Budgeting for Pricey Pursuits

Motorcycling, sailing, snowboarding—my favorite sports aren't exactly cheap. And if you knit, garden, ski or scuba dive, I’m sure you can relate.

A pricey hobby is worth every dime—but you still have to control your overhead.

Kenia on bike
Easy Rider: Kenia on her '94 Kawasaki EX500 Ninja

First step: I monitor everything from buying gear to oil changes. (Yes, the chart is geeky. But I'm also an engineer.)

  Motorcycling Sailing Snowboarding
Start-up Costs $1800: First bike
$350: Jacket, gloves, boots
$160: Beginners' Sabot sailing class $200: Snow pants & boots
Snowboard: FREE (gift!)"
Activity Costs $200: 1 track day
$20: Gas for 1 weekend ride
$350: Weekend yacht charter, moor fee, food & drinks $500: Tahoe trip (all expenses)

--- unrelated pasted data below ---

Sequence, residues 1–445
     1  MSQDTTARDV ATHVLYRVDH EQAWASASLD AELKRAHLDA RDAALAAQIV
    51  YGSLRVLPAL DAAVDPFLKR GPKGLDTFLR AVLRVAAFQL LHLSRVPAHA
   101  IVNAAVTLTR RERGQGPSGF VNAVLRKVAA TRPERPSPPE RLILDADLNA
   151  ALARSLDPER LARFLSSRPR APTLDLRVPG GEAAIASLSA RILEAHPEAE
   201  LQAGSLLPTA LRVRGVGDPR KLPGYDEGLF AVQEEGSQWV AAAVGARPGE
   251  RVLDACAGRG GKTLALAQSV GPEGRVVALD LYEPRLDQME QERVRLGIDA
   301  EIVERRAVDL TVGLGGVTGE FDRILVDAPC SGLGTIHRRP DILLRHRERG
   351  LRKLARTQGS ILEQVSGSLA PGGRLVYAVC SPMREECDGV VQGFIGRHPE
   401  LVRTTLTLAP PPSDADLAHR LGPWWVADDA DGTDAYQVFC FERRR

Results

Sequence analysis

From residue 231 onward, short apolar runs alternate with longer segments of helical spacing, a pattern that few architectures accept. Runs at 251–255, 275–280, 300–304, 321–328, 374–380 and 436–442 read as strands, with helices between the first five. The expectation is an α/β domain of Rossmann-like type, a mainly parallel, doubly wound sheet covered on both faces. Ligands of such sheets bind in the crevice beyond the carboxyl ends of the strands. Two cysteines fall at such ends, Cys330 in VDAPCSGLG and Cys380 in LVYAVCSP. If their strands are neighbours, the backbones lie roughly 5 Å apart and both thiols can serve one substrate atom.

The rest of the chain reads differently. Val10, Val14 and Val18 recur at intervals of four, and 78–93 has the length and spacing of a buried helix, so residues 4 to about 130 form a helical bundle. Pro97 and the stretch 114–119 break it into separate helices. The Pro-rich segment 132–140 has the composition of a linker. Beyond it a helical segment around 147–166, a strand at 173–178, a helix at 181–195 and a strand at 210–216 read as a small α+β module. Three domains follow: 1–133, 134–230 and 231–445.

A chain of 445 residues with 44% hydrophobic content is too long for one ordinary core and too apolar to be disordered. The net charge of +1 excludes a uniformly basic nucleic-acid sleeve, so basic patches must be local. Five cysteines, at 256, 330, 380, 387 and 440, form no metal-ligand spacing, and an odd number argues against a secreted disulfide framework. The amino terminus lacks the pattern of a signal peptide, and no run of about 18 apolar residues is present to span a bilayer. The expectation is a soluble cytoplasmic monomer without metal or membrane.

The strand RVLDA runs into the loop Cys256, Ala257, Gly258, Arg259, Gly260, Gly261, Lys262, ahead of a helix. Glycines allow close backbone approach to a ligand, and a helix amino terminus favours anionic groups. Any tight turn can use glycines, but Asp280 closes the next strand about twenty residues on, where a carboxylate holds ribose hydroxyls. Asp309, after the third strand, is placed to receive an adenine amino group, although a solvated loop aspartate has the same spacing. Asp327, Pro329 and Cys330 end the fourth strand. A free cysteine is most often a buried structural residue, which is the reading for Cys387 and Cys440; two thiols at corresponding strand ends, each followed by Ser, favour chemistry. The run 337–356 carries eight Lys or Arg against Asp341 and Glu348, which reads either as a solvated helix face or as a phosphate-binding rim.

$300: Mammoth trip (all expenses)
Maintenance Costs $400+: Oil changes, tires, parts
$150: 6-month insurance premium
$75: Annual DMV registration
None! $5: Board wax

How do I pay for all this? I follow the 60% budget solution—4% of my gross income goes toward fun and travel, and 2.5% goes toward a new motorcycle. It also helps that I’m single with no kids (for now!), and that I live in California, where I have easy access to my activities.

Travel in groups. I split yacht rentals with 9 other people. We carpool on snowboarding trips, split a rental condo, and eat in.
Volunteer. I teach a sailing class every summer, so I sail for free!
DIY. I do most of my own motorcycle maintenance.

Break it down. What are your expensive pleasures, and how do you pay for them?

Kenia Perez works
in the aerospace
industry in California.